Congresswoman Diana De Gette, who organized this event, says her top priority is to make people who are covered by the Affordable Care Act (ACA) aware of the impact the repeal will have. Additional officials joined her to participate in the event and talk to attendees after the presentation: Lt. Governor Donna Lynne, Colorado House Speaker Crisanta Duran, Congressman Ed Perlmutter and Local President of the Service Employees International Union Ron Ruggiero.
DeGette points out that Colorado’s uninsured rate dropped from 14% to 6.7% with the ACA—and if it’s repealed, 588,000 Coloradans stand to lose their care. Benefits that may go away or change include: lifetime limits; women’s rates and coverage; coverage for those with pre-existing conditions; and keeping young adults up to age 26 on their parents’ policy. A repeal would also result in a change in employer plans since such benefits would no longer be required.
If DeGette’s first priority is creating an awareness and knowlege of the changes that lie ahead, her second and third goals are listening to her constituents’ stories and motivating people to act by contacting their elected representatives if they disagree with new policies.
Stapleton resident Todd Ahlenius, who attended the rally, says people with serious and costly health issues are now able to afford insurance and prescriptions that allow them to live independently. If lifetime limits and preexisting clauses are reinstated they would likely lose their insurance and with it their ability to mange their health and live independently. Ahlenius speaks from personal experience. He has a child who spent 15 months in Children’s Hospital and takes a cardiac drug that would cost over $700 a month.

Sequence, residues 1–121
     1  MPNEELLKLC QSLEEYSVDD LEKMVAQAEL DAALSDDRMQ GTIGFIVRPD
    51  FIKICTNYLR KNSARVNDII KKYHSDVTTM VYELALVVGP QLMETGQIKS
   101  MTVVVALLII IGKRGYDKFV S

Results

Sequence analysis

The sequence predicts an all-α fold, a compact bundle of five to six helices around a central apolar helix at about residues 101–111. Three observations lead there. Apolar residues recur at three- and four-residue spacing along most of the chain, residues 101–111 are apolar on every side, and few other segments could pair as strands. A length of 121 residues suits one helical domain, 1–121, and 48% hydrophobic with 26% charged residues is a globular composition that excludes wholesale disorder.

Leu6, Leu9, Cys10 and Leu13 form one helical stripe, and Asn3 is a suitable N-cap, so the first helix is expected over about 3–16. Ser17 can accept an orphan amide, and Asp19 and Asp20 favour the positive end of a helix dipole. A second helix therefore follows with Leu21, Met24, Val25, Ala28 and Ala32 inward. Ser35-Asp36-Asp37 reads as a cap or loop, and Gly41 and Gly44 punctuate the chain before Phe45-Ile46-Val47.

Park Hill resident David Lipowitz also had a personal reason to attend the rally. His 15-year-old son has needed periodic surgeries since he was born. When a job change for Lipowitz meant his son couldn’t continue with the same medical team, Lipowitz was able to purchase a plan on the exchange that kept his son’s doctors, an option he would likely lose with the repeal of the ACA.